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Food Labeling
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Fair Compensation
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Tasting Menu - July 27, 2011
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A Thrill, A Rush, A Change of Plans
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Feeding Controversy
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I Want An Empty Waiting Room
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About time!
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The Things I've Learned (so far)...
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Love Sucks, Play Hard.
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School Lunches
Thursday, March 17, 2011

We Interrupt Your Regularly Scheduled Food Science Blog For...
Friday, March 11, 2011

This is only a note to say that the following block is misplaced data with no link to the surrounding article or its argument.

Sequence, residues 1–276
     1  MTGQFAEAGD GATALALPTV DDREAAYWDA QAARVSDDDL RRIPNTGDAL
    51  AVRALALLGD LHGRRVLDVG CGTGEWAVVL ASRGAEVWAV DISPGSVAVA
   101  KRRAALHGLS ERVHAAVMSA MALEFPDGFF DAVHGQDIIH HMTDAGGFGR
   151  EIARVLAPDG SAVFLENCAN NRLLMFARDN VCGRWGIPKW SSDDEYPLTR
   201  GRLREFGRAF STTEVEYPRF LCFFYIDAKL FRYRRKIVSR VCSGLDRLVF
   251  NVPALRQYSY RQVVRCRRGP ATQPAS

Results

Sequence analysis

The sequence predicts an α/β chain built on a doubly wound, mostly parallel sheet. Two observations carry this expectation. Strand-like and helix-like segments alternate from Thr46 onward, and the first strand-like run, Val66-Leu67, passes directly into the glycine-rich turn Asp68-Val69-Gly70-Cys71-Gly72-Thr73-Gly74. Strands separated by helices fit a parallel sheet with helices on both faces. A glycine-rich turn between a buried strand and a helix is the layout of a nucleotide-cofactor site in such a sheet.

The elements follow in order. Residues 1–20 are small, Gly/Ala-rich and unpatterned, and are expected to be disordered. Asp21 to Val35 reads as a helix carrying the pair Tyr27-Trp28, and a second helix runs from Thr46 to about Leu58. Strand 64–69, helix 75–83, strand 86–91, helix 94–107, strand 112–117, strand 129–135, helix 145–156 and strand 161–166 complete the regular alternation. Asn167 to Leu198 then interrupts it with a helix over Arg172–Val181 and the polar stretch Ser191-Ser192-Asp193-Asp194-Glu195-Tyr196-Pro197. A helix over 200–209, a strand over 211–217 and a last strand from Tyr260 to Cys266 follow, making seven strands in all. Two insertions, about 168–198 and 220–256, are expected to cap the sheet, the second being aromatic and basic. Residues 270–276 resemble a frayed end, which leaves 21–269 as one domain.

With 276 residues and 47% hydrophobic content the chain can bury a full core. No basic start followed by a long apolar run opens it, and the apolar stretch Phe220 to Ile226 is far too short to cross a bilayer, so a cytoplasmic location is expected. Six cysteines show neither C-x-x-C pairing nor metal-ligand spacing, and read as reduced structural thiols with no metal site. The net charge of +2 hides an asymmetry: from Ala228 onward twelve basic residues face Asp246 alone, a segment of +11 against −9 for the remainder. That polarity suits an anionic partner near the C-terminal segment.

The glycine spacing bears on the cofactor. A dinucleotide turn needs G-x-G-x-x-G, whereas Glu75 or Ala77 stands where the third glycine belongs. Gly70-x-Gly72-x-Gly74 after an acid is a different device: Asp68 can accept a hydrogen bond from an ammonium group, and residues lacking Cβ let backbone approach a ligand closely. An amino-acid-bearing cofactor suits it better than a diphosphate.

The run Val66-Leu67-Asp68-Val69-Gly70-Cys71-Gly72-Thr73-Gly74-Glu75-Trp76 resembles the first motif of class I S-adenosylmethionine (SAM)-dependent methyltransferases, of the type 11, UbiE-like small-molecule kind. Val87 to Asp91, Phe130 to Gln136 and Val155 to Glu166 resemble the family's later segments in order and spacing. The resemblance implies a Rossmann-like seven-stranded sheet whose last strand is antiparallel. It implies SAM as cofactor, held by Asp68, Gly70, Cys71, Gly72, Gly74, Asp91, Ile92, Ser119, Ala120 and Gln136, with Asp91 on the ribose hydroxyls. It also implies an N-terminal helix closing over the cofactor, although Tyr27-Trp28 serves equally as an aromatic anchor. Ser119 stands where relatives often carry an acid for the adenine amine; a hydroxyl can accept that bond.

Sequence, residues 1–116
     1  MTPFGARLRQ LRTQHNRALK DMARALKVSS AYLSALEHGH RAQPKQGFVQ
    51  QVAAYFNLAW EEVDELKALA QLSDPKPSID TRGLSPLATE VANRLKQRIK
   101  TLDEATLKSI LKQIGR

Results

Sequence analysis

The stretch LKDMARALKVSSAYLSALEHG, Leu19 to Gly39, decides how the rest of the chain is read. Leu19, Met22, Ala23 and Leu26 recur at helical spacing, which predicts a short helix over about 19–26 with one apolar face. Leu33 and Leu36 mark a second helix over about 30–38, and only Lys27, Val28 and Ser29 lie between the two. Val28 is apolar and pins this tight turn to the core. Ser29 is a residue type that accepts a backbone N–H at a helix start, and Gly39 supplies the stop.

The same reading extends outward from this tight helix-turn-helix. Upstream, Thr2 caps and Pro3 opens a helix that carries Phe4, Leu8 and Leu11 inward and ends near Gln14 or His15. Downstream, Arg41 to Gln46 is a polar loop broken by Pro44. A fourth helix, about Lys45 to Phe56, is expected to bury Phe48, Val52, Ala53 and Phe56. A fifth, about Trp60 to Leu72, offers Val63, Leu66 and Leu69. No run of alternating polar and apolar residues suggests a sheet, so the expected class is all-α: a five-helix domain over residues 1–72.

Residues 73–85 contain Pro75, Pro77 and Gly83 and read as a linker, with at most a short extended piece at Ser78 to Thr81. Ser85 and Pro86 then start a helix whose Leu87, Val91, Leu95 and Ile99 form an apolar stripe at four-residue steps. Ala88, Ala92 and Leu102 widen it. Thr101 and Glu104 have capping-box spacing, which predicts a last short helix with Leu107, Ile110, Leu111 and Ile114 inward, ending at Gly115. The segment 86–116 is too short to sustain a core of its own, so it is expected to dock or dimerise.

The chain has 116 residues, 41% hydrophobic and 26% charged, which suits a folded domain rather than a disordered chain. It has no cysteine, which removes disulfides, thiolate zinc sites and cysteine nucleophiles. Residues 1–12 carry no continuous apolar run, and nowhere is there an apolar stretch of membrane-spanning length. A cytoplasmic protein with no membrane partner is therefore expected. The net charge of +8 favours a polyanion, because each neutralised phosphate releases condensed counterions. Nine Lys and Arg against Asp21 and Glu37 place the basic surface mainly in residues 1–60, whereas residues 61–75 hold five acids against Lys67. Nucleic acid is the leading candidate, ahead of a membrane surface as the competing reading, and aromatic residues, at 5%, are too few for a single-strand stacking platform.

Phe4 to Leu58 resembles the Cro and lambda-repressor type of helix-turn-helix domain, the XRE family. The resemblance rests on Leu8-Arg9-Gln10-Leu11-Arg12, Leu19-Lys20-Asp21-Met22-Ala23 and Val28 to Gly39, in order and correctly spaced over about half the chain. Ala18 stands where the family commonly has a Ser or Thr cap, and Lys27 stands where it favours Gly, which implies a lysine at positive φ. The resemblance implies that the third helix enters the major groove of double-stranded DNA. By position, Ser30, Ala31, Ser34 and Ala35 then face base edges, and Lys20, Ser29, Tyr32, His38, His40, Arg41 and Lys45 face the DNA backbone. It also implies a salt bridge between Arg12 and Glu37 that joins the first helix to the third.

But You're A Med Student!
Tuesday, March 8, 2011

Filtering - Equipment
Friday, March 4, 2011

Blurring The Lines - Part I
Thursday, March 3, 2011
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The Future of Food...?
Thursday, February 3, 2011

My Biggest Mistake - Oenology Edition
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Blogger Profile

School of Medicine
Dub C Med School CA USA

A med & grad student who used to work the line in LA, NYC, SF and Napa talking about the science of cooking and cooking with science. Harold McGee's On Food And Cooking - The Science and Lore of the Kitchen never satisfied my kitchen curiosity and more than one Chef grew exasperated with my asking "Why?" I'll try to stay on topic, but you may see a kvetch or two about the school & hospital.

My posts are presented as opinion and commentary and do not represent the views of LabSpaces Productions, LLC, my employer, or my educational institution.

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Recent Comments
Comment by BeckonsAttore in EMR - Electronic Medical Records

Well, so emr software has it's problems, not like making them public wouldn't cause them any more trouble as it normally would in a paranoid mind, as this yannisguerra's perspective here. I've delv. . .Read More
Aug 08, 2013, 9:35am
Comment by Brian Krueger, PhD in Happy Birthday, Julia!

I'd gladly take on that burden if you were my roomie ;) . . .Read More
Aug 15, 2012, 4:25pm
Comment by JaySeeDub in Happy Birthday, Julia!